Going by the book

While art often challenges our understanding, the storytelling variety makes it easier, especially if the story is a familiar one. What can be easier to appreciate than a figure made in the image of the Old Testament’s description of the shepherd boy who triumphed over an armed warrior with only his slingshot, five stones and his faith? Unlike other sculptors who described the victory, Michelangelo chose the moment before victory when David stood fast before the enemy of his people. The people of Florence, where the statue has stood since 1504, love it. So do the millions who visit the statue each year.

Cover-up in a Russian city

But folks in St. Petersburg Russia, where a 16-foot copy is on public view  for the summer, consider “David” obscene. As one woman wrote to the Russian press last week, “How could you put this bloke without any trousers on in the center of St Petersburg, next to a school and a church?” Her worry, she explained, is that “David” “warps children’s souls.” Not to worry, said school director Maksim Pratusevich: “students were “sufficiently cultured and educated” to cope with nudity in art. Apparently the adult population isn’t and city officials will give them a chance to vote for a wardrobe to outfit the statue in a “Dress David” contest August 16–23 with a “solemn ceremony” on August 30 for the winner.

The people of St. Petersburg aren’t the first put off by David’s exposed anatomy. Five years ago, the Vatican issued a statement asking that “David” be covered, citing “depravity...We must stop shielding ourselves behind a culture of art and forsaking religion.” The Church has long objected to bared bodies in art, beginning with figures in Michelangelo’s frescos in the Sistine Chapel.

In good faith

Yet it can be argued that Michelangelo was faithful to the Biblical account of the battle. The Book of Samuel says that when Goliath challenged Israel and David volunteered, Saul, the Israeli king, tried suiting him up with armor, but he chose to meet Goliath with his faith alone, telling the giant, “I come against you in the name of the Lord Almighty.” Michelangelo stripped David down to emphasize his faith.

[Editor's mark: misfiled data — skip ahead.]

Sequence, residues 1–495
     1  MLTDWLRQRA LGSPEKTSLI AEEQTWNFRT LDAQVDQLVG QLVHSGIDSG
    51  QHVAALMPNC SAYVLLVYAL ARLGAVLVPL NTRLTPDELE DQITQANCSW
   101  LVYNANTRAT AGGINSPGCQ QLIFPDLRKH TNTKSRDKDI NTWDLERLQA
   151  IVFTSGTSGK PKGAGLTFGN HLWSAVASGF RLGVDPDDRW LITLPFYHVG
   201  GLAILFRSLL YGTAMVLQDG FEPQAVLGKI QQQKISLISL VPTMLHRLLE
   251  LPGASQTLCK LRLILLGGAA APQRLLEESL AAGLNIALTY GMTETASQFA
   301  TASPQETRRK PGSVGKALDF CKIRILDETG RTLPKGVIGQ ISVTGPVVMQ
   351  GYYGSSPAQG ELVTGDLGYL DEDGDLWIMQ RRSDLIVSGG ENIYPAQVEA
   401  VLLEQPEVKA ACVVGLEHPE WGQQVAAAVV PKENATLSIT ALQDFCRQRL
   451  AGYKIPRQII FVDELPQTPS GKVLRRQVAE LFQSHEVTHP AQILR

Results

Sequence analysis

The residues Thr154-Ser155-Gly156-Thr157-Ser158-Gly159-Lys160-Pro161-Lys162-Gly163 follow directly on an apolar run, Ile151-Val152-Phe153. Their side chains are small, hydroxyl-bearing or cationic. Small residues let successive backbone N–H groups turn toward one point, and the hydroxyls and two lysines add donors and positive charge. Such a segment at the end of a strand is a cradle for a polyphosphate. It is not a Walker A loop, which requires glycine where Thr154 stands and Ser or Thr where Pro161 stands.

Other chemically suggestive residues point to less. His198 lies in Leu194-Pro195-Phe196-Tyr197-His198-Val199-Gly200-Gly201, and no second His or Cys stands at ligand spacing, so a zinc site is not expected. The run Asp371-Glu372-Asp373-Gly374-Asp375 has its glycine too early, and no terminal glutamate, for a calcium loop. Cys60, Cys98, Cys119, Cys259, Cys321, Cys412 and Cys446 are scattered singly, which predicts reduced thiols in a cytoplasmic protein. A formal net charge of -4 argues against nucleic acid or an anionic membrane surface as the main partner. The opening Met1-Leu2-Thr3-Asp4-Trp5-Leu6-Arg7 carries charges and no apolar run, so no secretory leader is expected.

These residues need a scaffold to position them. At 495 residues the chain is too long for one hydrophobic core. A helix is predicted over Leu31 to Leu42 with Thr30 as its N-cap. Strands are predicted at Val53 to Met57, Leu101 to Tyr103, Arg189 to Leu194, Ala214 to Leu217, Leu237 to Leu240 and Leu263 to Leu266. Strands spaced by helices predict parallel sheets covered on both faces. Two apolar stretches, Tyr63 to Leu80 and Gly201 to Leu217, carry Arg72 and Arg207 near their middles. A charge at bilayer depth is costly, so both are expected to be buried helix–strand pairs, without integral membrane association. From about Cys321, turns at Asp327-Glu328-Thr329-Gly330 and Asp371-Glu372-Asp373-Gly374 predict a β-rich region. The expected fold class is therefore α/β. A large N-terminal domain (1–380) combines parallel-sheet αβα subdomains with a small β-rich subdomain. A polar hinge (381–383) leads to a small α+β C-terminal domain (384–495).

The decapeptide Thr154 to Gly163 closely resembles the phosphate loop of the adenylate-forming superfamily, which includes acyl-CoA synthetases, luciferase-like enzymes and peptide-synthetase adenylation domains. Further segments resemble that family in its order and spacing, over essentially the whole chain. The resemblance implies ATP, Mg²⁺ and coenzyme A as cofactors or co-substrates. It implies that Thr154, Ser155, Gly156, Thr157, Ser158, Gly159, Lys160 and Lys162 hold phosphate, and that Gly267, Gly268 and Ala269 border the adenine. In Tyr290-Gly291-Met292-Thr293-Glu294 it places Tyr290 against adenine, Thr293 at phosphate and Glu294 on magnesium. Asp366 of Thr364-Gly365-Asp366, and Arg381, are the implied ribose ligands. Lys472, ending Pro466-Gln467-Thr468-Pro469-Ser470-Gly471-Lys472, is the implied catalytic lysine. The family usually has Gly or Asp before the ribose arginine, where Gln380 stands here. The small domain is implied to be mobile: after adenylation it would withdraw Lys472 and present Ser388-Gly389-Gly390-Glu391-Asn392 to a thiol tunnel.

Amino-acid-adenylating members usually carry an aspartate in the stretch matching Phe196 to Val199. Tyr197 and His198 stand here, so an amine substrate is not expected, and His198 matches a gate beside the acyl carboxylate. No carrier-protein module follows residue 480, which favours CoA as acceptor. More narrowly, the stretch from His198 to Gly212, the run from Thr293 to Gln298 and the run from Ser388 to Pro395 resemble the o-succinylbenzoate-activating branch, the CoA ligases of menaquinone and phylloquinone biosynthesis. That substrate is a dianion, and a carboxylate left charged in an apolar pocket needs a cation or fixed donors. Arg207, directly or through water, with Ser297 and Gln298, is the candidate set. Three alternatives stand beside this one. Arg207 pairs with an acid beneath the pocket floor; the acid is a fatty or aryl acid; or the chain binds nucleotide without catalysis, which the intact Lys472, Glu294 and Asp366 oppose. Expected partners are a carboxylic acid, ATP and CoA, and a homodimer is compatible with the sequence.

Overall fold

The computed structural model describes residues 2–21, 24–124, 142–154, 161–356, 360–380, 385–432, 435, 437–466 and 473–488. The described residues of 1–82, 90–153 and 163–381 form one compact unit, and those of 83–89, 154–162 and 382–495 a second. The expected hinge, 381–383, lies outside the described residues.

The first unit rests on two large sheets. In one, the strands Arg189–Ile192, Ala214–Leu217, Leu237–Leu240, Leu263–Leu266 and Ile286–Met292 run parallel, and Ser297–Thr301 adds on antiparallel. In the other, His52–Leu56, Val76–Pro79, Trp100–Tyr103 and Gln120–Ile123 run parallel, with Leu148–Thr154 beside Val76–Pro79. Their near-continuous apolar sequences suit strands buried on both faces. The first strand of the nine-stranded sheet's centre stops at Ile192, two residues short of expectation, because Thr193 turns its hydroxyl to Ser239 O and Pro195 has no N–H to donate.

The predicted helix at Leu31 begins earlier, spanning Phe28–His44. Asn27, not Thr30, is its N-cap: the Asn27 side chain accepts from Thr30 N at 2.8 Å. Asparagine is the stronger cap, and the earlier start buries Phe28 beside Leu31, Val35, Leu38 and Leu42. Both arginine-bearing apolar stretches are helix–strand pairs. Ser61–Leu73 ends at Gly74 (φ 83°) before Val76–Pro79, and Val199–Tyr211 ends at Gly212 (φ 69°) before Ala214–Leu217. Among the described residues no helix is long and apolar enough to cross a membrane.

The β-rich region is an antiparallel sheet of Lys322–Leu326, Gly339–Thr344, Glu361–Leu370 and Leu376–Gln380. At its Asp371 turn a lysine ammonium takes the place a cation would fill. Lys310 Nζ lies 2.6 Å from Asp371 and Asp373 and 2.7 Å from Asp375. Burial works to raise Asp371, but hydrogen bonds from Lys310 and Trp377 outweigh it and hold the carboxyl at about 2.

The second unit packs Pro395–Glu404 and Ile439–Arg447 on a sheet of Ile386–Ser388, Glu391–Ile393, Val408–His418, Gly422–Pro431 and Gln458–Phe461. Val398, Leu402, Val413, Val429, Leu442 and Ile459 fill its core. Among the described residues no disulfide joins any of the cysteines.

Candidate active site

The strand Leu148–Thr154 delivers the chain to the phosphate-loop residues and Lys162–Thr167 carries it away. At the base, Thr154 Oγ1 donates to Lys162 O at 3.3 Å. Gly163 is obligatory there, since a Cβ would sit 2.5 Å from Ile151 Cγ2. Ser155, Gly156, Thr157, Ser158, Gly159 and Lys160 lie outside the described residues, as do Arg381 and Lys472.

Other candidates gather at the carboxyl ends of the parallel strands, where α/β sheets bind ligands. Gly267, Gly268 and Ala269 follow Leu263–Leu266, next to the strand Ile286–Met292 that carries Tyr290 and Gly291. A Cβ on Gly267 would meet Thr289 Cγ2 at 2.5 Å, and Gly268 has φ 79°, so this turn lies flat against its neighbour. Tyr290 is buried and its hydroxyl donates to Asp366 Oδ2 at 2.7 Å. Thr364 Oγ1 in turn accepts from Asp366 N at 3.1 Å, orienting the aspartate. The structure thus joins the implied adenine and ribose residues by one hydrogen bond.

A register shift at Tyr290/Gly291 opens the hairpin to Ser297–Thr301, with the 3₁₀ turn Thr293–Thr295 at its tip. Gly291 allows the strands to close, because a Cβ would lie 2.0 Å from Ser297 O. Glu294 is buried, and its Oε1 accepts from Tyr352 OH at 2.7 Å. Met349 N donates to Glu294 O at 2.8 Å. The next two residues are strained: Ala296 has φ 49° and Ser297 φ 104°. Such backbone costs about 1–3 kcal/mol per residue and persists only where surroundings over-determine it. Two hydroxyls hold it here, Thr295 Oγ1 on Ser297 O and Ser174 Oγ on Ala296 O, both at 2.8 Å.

Fixating on the nudity, then, misses the point of this work and that of other Old Masters. Figures au naturel were the central subject of art through history, and as art historian Kenneth Clark noted in his 1972 book “The Nude: A Study in Ideal Form,” they were a means to express heroism or spiritual victory. Eugène Delacroix’s painting “Liberty Leading the People” comes to mind. Liberty is a bare-breasted female celebrating the year 1862 when France triumphed over Charles X of France.

To this day “David” stands in the altogether before Florence’s City Hall. The  only alteration occurred in 1527 when an argument in a meeting room above the statue caused a chair to be tossed out a window injuring David’s left arm. Russia’s “Dress David” project injures the whole statue.   #Buzz #Android